The Lego Lounge: A new RMH BC, a room full of Lego for sick children and their families: this innovative program at the new Ronald McDonald House will go a long way to easing the burdens of the life-threatening illnesses these families face. It will be the first Lego program at any Ronald McDonald House in the world. All children need a safe place to play in good weather and bad, and our Lego Lounge will provide that space. Your help today will ensure that children who are in the various stages of critical care, together with their siblings and parents, will have a unique place to safely play inside, have fun and let go of their cares for a while. But the Lego Lounge is much more than a playroom. Lego is a toy that is familiar to so many children. It helps break down barriers and allows kids to meet and play with other kids. Our bi-weekly programs with a Lego Certified Professional and members of the Vancouver Lego Club will be an opportunity for kids to explore new ways to build with Lego, and take them away from the hospital environment and into a world of imagination
$10,000.00
2014

Children's Health Foundation of Vancouver Island

HerWay Home

HerWay Home (HWH) supports pregnant or early parenting women who are impacted by drug or alcohol use, have experienced violence or abuse, and often face mental health challenges. The program focuses on women and their families who face multiple barriers to good health, healthy babies and safe lives. The outcomes of HWH are an increased number of mothers who have healthy pregnancies, keep their babies, and establish successful families. HWH includes integrated health and social services for these women with 'complex' lives, services which focus on their substance use and interrelated issues. Services are provided through drop-in groups, outreach and personal one-on-one support. Pre- and post-natal support and information is provided by a Public Health Nurse, and HWH facilitators operate a Recovery Group. Women access one-to-one counselling support, breastfeeding and child feeding support, parenting information, infant development resources, a dietician, an income assistance worker and a dental hygienist. Staff also work with the women to obtain necessary health care services.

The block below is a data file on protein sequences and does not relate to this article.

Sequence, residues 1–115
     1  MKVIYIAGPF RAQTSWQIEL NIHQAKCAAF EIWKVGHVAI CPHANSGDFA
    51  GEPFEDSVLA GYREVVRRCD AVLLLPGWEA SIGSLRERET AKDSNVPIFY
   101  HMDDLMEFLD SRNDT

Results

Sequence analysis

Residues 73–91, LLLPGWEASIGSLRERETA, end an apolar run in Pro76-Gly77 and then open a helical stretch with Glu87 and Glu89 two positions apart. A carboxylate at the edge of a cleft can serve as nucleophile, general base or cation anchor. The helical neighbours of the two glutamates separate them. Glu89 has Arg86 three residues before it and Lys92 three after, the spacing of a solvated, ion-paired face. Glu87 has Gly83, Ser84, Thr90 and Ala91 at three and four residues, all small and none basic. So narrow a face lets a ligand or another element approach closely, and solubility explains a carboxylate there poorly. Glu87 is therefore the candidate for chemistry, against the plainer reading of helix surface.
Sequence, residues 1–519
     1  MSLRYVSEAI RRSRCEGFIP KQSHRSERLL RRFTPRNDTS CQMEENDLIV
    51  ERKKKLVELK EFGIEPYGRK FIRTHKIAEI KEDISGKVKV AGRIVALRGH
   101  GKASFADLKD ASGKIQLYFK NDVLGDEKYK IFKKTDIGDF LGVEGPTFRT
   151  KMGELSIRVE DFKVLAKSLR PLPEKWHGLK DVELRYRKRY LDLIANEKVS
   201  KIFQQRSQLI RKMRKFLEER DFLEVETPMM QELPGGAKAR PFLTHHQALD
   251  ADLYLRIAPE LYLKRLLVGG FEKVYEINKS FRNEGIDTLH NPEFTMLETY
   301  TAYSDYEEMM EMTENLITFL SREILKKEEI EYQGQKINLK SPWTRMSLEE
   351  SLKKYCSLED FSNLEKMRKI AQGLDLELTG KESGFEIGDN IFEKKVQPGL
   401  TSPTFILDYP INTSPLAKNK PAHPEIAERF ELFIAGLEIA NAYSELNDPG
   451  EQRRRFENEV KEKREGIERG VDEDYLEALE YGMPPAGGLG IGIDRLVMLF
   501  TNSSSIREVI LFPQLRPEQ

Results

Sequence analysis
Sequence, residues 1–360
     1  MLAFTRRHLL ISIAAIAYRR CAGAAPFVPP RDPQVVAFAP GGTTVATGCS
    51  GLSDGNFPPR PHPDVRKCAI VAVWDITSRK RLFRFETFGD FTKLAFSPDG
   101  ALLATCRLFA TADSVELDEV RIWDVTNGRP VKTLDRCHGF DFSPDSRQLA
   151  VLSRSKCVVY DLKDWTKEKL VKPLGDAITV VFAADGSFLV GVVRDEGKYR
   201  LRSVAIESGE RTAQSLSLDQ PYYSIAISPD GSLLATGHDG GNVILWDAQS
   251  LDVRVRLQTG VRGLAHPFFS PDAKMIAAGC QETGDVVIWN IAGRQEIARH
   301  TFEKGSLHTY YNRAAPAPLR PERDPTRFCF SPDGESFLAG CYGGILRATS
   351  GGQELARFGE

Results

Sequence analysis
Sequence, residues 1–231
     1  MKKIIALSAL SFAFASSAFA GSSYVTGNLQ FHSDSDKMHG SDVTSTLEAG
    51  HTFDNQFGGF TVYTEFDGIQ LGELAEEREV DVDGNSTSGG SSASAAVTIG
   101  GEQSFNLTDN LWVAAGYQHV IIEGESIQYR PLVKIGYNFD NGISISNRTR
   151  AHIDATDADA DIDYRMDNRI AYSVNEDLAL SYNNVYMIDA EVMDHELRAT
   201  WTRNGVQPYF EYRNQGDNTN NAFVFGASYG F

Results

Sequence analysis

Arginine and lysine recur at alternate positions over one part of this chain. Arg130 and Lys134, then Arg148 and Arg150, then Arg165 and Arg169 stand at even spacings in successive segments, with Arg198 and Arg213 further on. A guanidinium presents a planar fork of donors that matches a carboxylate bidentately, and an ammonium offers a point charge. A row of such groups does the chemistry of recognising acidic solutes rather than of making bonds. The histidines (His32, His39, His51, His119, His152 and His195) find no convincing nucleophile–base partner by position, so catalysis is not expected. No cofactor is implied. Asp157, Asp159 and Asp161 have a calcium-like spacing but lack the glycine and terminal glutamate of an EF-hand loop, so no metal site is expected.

$40,000.00
2014

Children's Hearing & Speech Centre of BC

Sensory Motor Integration Program

A new reality is facing CHSC. Today at least 35% of newly identified deaf and hard of hearing children are coming to the Centre with additional learning needs. Our new Sensory Motor Integration Program will begin to address these needs with assessments and support from a trained occupational therapist that delivers ongoing program implementation and provides outcome analysis. We believe this additional early intervention is critical for a child to learn to listen and speak and ultimately be successfully mainstreamed into a school with their hearing peers.
$30,000.00
2012

A Sound Move -Tele-intervention Project for Deaf Babies

This innovative project uses new technologies to provide direct service delivery to deaf/hard of hearing babies and children in rural, remote and underserviced BC communities. It counters geographic and financial challenges for persons whose children are deaf or hard of hearing. Sophisticated assistive-hearing technologies such as cochlear implants provide children who are deaf an opportunity to participate fully in a hearing world. Early intervention therapy is essential to ensure that an infant/child develops listening and speech skills to his or her maximum potential.
$16,500.00
2010

Chilliwack Community Services

Gateway Family Literacy Programs